Characteristics of subjects
The clinical characteristics of all participants have been described previously . In brief, in addition to the increased blood pressure, fasting insulin, homeostasis model assessment of insulin resistance (HOMA-IR) and β-cell secretion (HOMA-β) in the GDM groups in the second trimester, GDM patients in both the second and third trimesters had higher previous history of GDM, family history of diabetes, HbA1c, fasting, 1-h and 2-h glucose levels and greater area under curve of glucose (AUCG) values than did the normal controls (all P < 0.05) (Table 1).
Inflammatory cytokine levels of the GDM and NGT groups in the second and third trimesters
We compared the levels of the seven inflammatory factors between the GDM and NGT groups in both the second and third trimesters. The results showed that in the second trimester, serum NGF levels of GDM patients were remarkably higher than those of the normal controls (P < 0.001) (Table 2 and Fig. 1), whereas GDM patients had lower IL-8 levels (P = 0.015). However, in the third trimester, NGF and IL-8 no longer showed significant differences, while lower leptin levels were observed in the GDM group than in the NGT group (Table 2 and Fig. 1).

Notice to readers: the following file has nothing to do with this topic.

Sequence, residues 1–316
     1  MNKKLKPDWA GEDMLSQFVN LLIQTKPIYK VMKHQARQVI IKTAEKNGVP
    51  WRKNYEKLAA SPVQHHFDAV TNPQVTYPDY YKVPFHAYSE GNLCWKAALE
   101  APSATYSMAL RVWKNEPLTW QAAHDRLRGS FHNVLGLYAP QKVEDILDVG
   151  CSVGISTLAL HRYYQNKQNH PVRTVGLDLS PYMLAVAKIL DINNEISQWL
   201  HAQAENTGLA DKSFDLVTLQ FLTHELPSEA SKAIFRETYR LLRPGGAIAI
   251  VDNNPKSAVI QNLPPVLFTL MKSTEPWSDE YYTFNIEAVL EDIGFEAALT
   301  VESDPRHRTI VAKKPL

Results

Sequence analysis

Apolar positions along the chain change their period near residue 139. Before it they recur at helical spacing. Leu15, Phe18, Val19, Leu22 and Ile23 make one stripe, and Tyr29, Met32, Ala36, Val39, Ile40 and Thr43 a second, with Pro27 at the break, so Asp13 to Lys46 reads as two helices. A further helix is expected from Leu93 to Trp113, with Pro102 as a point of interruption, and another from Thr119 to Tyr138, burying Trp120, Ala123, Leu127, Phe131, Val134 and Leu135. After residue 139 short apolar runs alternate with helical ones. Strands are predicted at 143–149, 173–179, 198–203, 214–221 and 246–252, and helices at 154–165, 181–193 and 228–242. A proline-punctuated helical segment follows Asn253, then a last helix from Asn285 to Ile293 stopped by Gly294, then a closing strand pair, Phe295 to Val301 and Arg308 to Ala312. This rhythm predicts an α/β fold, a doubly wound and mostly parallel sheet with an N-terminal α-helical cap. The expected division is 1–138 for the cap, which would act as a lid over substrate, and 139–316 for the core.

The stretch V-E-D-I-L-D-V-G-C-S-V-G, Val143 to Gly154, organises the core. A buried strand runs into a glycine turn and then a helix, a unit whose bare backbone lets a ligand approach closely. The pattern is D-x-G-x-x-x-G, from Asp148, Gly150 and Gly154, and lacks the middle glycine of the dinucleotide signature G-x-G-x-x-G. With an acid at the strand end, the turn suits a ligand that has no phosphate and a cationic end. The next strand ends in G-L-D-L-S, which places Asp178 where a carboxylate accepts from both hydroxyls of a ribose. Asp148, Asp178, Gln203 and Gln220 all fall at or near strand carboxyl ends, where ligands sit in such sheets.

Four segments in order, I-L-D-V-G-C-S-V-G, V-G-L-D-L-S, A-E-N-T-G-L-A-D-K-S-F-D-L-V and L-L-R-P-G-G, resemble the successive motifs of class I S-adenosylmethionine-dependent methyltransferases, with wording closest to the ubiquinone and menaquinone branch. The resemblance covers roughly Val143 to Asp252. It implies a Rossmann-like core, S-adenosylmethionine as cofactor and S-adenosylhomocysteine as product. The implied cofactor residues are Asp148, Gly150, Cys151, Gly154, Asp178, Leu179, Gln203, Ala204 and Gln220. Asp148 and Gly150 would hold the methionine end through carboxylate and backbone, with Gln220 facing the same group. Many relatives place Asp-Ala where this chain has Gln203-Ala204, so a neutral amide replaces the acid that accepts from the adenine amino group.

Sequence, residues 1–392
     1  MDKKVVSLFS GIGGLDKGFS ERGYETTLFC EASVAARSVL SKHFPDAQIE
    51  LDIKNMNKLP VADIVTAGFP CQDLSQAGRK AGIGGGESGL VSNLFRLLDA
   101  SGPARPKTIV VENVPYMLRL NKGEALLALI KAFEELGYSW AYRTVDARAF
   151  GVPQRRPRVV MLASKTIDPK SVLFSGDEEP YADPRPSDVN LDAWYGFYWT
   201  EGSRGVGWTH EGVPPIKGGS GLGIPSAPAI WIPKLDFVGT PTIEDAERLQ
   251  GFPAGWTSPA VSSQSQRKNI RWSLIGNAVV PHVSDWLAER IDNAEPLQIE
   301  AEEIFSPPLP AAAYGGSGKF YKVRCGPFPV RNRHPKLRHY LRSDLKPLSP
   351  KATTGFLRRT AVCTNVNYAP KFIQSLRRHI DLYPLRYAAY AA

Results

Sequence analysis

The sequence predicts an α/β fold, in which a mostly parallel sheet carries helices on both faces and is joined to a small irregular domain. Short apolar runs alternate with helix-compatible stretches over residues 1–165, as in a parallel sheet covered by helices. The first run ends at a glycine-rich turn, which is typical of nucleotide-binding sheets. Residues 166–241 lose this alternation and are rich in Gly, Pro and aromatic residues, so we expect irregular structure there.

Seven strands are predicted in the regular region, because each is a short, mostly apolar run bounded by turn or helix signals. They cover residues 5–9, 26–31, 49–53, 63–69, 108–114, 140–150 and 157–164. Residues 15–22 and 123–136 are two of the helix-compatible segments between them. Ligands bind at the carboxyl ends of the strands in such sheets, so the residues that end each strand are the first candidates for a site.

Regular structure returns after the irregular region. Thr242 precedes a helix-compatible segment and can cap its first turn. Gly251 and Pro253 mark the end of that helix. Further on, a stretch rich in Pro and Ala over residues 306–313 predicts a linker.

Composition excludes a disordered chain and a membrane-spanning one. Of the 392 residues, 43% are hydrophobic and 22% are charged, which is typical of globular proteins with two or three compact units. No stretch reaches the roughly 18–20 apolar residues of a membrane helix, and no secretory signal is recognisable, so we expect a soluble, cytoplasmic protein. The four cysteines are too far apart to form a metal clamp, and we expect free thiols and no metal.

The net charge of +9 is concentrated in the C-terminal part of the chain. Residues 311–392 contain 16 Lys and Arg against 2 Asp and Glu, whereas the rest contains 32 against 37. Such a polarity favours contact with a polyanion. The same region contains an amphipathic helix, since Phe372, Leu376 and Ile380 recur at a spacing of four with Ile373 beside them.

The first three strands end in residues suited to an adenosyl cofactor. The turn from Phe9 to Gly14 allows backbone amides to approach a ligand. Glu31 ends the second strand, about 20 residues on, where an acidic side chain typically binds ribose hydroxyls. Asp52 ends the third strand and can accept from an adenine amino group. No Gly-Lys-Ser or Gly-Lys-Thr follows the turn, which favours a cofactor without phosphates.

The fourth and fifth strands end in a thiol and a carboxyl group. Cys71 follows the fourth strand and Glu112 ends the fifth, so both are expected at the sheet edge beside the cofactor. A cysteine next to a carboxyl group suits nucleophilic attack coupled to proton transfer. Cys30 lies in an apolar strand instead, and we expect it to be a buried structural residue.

Associations of selected inflammatory cytokines with glucose metabolism, insulin resistance and pancreatic β cell function
Because of the missing data related to glucose levels in the third trimester, we conducted correlation analysis for only the second trimester data. When we divided our samples into 2 groups according to inflammatory levels, we found higher NGF levels were associated with a higher risk of GDM even after adjusting for confounding factors (OR (95%CI) = 6.71 (4.02,11.18), P < 0.0001). Besides, the glucose levels, insulin levels, insulin resistance and secretion also increased with the increasing NGF levels (Additional file 1: Table S1). Next, we conducted correlation analysis, and the results showed that NGF was not only positively associated with fasting (P = 0.007), 1-h (P < 0.001) and 2-h glucose levels (P < 0.001) and AUCG values (P < 0.001), but also positively related to insulin resistance and pancreatic β cell function, as shown by fasting insulin (P < 0.001) HOMA-IR (P < 0.001) and HOMA-β (P = 0.043) (Fig. 2). The other inflammation-related factors, such as IL-6 and leptin, were positively correlated with only HOMA-IR and HOMA-β (all P < 0.001), and TNF-α was positively related to only HOMA-IR (P = 0.022) (Fig. 3). Except for the relationships between TNF-α and HOMA-IR and NGF and HOMA-β, the other relationships still existed even after adjusting for maternal age, pregestational BMI, gestational age, changes of BMI, blood pressure, family history of diabetes, previous history of GDM and all the other inflammatory cytokines (all P < 0.05). As women who were overweight and obese have a higher chance of being diabetic or having other metabolic dysfunction, we also conducted correlation analysis after excluding them from our study and reanalyzed the data. As expected, the new result showed the same trends just as we got above (Additional file 2: Table S2).